Waco 560 $31,380
Tyler 460 $44,530
El Paso 420 $31,810
Abilene 380 $42,200
Wichita Falls 350 $42,540
College Station 300 $38,430
Bryan 300 $38,430
Lubbock 290 $31,080
San Angelo 290 $38,270
Victoria 270 $35,150
Denison 260 $36,030
Sherman 260 $36,030
Killeen 220 $35,430
Temple 220 $35,430
Amarillo 200 $35,400
Laredo 80 $29,620
     
Metro Area (Utah) Total Employment Annual Median Salary
Salt Lake City 2120 $37,750
Clearfield 1400 $37,090
Ogden 1400 $37,090
Provo 700 $35,010
Orem 700 $35,010
St. George 150 $35,300
     
Metro Area (Vermont) Total Employment Annual Median Salary
South Burlington 170 $40,760
Burlington 170 $40,760
     
Metro Area (Virginia) Total Employment Annual Median Salary
Richmond 1130 $43,660
Roanoke 510 $37,300
Lynchburg 460 $40,430
Harrisonburg 200 $42,070
Staunton 140 $40,420
Waynesboro 140 $40,420
Blacksburg 80 $41,710
Christiansburg 80 $41,710
Radford 80 $41,710
Charlottesville 60 $37,970
     
Metro Area (Washington) Total Employment Annual Median Salary
Seattle 3480 $46,810
Tacoma 3480 $46,810
Bellevue 3480 $46,810
Spokane 750 $36,190
Spokane Valley 750 $36,190
Yakima 300 $34,240
Bellingham 290 $41,970
Mount Vernon 270 $53,740
Anacortes 270 $53,740
Walla Walla 170 $38,660
Wenatchee 130 $34,360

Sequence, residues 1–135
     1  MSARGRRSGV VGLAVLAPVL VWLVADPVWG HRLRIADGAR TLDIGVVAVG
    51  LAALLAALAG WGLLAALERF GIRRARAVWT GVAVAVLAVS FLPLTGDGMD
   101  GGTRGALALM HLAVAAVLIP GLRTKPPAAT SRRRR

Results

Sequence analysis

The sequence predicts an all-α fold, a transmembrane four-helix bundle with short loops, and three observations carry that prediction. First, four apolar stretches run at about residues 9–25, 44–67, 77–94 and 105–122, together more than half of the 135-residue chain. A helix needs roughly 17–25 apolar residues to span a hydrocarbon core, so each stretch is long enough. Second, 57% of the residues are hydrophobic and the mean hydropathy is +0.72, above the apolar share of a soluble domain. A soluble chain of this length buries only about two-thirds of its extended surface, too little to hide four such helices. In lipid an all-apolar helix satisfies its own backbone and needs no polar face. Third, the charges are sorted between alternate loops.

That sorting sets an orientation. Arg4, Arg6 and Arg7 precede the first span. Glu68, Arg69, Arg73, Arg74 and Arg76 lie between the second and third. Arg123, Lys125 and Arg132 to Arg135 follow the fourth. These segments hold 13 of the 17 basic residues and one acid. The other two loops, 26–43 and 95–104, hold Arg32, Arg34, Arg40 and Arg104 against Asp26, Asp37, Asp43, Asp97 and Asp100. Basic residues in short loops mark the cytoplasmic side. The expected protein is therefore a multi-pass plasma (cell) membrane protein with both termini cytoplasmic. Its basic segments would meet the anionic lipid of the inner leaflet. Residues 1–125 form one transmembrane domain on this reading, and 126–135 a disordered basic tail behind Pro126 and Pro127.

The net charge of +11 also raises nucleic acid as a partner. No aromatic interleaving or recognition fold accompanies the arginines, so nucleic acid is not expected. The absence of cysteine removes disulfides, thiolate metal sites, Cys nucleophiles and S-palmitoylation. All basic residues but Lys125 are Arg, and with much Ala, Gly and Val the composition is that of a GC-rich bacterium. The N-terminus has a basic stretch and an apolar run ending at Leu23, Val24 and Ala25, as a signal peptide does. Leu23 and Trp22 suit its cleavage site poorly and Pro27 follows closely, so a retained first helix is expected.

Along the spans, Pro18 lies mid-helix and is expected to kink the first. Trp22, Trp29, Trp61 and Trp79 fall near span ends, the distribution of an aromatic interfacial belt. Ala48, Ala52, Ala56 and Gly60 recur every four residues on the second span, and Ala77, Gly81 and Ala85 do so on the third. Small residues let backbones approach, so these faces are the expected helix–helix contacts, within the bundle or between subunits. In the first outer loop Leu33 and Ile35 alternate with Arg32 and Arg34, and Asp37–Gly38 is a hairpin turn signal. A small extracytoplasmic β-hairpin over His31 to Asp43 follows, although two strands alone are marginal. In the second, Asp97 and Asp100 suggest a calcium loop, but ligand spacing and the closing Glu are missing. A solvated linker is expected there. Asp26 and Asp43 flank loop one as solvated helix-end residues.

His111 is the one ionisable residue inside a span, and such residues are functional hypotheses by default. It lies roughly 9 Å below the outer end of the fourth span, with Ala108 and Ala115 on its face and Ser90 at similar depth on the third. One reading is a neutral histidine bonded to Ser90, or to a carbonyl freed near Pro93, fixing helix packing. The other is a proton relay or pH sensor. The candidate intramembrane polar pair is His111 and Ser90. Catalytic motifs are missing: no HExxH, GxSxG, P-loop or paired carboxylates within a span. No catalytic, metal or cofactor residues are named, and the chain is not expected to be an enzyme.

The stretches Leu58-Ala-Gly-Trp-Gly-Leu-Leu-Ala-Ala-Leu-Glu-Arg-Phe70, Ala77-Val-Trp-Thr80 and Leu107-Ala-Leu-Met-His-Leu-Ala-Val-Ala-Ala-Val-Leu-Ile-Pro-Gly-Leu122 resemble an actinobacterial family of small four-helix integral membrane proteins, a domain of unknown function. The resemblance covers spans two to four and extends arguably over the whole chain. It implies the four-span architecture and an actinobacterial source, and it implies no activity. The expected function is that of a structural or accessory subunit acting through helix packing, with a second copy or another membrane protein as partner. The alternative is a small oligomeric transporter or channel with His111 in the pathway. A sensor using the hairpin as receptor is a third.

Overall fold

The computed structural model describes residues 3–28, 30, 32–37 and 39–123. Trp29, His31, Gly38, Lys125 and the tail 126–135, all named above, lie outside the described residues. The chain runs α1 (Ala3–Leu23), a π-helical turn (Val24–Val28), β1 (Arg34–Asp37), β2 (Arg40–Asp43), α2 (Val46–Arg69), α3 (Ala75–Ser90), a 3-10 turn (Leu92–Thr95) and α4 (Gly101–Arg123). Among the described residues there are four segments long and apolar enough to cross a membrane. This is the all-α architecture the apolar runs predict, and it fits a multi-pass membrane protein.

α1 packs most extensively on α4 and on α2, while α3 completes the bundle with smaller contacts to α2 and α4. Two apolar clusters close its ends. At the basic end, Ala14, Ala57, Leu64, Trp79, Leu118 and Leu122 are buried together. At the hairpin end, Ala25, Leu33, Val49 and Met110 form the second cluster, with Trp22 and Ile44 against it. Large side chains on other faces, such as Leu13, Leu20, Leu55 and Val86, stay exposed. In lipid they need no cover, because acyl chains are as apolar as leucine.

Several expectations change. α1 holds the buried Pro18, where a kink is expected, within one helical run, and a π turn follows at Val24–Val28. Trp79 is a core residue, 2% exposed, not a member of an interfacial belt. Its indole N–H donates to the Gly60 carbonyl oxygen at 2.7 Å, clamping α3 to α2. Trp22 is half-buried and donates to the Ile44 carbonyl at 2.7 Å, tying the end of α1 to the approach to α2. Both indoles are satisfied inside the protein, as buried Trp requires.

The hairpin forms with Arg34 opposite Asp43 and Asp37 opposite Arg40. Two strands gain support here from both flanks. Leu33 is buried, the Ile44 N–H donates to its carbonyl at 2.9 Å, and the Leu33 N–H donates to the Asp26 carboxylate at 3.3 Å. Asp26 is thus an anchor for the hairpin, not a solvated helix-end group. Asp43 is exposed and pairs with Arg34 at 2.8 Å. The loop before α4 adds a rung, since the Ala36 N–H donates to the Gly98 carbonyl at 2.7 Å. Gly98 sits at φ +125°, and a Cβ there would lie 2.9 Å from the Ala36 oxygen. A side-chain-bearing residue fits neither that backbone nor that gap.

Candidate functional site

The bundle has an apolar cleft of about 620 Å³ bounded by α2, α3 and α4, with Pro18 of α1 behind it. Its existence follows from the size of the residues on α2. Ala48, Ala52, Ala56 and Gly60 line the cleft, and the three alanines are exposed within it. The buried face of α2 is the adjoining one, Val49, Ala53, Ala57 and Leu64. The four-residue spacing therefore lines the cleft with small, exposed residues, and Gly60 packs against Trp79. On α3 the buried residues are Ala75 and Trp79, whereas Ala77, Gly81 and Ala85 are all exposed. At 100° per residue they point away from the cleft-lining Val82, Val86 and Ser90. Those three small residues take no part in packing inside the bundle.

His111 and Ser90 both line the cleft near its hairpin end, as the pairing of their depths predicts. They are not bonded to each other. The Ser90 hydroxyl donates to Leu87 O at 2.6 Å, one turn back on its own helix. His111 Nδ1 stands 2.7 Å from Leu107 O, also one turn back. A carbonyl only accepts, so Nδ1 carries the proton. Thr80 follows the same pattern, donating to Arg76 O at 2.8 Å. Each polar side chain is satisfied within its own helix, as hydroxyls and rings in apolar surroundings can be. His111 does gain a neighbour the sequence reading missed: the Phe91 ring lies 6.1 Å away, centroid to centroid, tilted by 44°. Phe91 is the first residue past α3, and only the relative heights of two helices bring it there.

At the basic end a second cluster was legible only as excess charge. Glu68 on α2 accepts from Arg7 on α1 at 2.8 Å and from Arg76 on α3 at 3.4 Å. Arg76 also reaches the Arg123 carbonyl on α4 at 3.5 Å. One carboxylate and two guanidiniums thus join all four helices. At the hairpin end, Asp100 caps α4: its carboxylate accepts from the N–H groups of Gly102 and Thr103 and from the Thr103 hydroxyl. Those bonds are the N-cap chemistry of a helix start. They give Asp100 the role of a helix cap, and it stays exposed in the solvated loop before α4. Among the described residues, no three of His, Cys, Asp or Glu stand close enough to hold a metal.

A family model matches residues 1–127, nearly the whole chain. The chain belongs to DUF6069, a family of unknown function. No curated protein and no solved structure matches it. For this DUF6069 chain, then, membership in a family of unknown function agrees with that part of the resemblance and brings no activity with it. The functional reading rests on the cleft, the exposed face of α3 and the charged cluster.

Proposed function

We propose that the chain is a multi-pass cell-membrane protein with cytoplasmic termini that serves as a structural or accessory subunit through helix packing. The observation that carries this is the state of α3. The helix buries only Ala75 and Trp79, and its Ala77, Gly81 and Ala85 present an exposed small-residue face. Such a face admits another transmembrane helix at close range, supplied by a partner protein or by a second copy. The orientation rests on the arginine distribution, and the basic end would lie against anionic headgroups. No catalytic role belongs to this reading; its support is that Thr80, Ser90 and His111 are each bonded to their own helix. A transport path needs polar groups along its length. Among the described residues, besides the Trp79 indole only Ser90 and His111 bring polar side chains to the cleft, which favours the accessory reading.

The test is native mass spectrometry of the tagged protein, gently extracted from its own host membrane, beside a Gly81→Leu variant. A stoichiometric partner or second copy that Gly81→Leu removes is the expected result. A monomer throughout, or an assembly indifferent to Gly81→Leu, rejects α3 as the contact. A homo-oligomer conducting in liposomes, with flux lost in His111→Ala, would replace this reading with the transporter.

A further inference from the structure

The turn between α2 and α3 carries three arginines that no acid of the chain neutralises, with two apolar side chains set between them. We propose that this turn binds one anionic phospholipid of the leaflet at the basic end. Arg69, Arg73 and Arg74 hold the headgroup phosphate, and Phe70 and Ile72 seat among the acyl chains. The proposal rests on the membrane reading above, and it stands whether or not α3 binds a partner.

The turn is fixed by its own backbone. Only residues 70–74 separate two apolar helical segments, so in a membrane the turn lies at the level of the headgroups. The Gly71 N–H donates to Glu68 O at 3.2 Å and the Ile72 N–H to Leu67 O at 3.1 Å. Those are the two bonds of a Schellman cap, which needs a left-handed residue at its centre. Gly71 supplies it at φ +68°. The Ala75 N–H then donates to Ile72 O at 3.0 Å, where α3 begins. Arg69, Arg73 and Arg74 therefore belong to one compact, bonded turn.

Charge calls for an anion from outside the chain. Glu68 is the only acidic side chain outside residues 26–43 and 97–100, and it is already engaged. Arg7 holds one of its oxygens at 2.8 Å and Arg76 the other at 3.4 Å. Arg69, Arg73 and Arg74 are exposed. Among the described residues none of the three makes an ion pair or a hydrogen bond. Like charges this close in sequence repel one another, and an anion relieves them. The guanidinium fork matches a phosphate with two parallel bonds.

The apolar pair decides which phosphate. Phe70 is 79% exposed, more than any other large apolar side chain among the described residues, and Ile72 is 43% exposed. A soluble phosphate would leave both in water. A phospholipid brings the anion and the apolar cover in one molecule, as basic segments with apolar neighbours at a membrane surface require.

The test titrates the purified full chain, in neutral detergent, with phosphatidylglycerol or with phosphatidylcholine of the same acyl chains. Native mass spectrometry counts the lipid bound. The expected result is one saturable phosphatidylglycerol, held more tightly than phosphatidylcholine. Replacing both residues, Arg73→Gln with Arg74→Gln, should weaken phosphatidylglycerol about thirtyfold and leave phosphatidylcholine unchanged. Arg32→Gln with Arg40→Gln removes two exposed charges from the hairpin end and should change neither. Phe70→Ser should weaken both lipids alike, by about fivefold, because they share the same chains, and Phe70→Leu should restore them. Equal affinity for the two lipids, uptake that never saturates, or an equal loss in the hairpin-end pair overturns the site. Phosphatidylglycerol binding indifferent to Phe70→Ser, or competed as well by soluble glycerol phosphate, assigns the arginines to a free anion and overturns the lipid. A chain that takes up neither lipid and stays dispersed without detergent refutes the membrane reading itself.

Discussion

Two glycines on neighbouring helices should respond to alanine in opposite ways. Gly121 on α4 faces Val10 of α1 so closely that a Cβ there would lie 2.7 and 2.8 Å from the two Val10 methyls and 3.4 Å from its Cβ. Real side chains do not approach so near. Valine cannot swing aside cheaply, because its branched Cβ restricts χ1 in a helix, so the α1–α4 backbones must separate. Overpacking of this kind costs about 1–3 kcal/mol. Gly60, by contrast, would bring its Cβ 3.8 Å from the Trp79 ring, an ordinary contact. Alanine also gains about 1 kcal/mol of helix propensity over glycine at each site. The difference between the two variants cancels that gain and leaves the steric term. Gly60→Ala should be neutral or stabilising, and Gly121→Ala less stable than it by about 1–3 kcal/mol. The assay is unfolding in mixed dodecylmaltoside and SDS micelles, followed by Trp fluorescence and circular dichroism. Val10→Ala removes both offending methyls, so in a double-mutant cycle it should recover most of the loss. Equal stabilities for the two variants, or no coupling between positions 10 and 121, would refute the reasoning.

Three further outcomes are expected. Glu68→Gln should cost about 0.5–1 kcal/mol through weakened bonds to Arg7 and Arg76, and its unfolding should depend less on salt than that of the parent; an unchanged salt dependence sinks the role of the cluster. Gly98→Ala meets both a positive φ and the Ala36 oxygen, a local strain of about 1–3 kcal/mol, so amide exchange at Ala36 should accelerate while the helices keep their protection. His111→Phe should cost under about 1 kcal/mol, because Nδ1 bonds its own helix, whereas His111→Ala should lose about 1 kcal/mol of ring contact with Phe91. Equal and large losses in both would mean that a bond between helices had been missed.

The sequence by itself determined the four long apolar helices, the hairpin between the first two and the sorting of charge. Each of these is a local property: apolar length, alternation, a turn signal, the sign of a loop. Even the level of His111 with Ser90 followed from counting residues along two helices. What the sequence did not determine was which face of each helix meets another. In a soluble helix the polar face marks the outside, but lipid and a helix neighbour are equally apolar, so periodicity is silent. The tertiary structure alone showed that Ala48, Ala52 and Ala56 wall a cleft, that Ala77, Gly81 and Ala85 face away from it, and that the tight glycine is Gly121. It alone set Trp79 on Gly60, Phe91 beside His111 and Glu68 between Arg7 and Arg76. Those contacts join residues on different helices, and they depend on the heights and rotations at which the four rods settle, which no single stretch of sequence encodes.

Kennewick 110 $47,150
Richland 110 $47,150
Longview 100 $38,230
Tumwater 90 $27,890
Olympia 90 $27,890
     
Metro Area (West Virginia) Total Employment Annual Median Salary
Charleston 220 $37,600
Morgantown 210 $34,120
Beckley 180 $37,840
Parkersburg 70 $35,660
Vienna 70 $35,660
     
Metro Area (Wisconsin) Total Employment Annual Median Salary
Milwaukee 2930 $40,070
Waukesha 2930 $40,070
West Allis 2930 $40,070
Madison 820 $39,830
Green Bay 690 $39,790
Appleton 670 $38,860
Racine 570 $36,770
Wausau 510 $37,150
Neenah 500 $29,080
Oshkosh 500 $29,080
Janesville 410 $34,940
Beloit 410 $34,940
Fond du Lac 390 $39,520
Sheboygan 110 $48,360
Eau Claire N/A $37,070
     
Metro Area (Wyoming) Total Employment Annual Median Salary
Casper 660 $45,400
Cheyenne 150 $40,970

Most Popular Industries for :
Welders

Industries representing at least 1% of total jobs for the occupation.

Source: 2015 Occupational Employment Statistics and 2014-24 Employment Projections, Bureau of Labor Statistics, BLS.gov.

Industry Jobs Percent Annual Median Salary
Metal Products 98,130 25% $31,840
Machinery 67,200 17% $33,950
Automotive And Vehicle Manufacturing 54,980 14% $33,680
Construction Trades 26,330 6% $34,740
Maintenance And Repair 20,100 5% $32,970
Durable Goods Wholesale 18,620 4% $31,990
Office Services And Staffing 12,320 3% $31,440
Civil Engineering 12,010 3% $40,510
Construction 8,900 2% $38,470
Metals 8,550 2% $32,830
Electronics And Computer 6,770 1% $30,400
Electrical Appliance 6,540 1% $31,190